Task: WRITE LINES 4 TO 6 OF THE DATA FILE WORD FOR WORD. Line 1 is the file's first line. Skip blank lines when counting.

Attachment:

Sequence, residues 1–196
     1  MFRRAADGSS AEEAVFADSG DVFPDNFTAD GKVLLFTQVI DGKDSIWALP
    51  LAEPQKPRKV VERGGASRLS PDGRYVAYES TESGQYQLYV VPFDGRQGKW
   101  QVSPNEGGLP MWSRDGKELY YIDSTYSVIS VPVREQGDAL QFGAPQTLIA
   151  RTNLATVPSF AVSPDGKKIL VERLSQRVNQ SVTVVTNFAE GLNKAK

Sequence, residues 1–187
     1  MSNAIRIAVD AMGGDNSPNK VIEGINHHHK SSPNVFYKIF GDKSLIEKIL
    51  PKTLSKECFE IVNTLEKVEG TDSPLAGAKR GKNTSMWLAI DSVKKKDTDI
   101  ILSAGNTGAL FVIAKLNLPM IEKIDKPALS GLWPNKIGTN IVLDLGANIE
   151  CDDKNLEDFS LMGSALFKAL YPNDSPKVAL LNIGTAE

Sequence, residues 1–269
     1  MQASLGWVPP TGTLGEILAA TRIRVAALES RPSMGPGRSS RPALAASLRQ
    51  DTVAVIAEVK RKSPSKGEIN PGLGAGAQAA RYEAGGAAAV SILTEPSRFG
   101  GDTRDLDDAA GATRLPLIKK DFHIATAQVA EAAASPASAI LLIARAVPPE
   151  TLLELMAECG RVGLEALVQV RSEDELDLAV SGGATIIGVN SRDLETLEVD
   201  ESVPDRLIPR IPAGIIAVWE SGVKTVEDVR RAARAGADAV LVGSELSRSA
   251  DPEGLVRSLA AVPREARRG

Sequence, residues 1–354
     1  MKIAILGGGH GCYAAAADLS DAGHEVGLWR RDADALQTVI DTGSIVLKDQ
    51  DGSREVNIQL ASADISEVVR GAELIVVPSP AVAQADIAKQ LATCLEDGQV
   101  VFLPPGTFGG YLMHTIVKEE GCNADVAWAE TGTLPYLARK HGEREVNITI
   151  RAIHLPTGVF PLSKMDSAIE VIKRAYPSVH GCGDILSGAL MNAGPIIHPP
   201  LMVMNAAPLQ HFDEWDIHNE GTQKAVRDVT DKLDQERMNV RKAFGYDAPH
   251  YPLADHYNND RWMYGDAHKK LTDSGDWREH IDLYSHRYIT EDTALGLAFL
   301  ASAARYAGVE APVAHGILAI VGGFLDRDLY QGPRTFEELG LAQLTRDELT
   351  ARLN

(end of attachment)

   101  QVSPNEGGLP MWSRDGKELY YIDSTYSVIS VPVREQGDAL QFGAPQTLIA
   151  RTNLATVPSF AVSPDGKKIL VERLSQRVNQ SVTVVTNFAE GLNKAK

Sequence, residues 1–187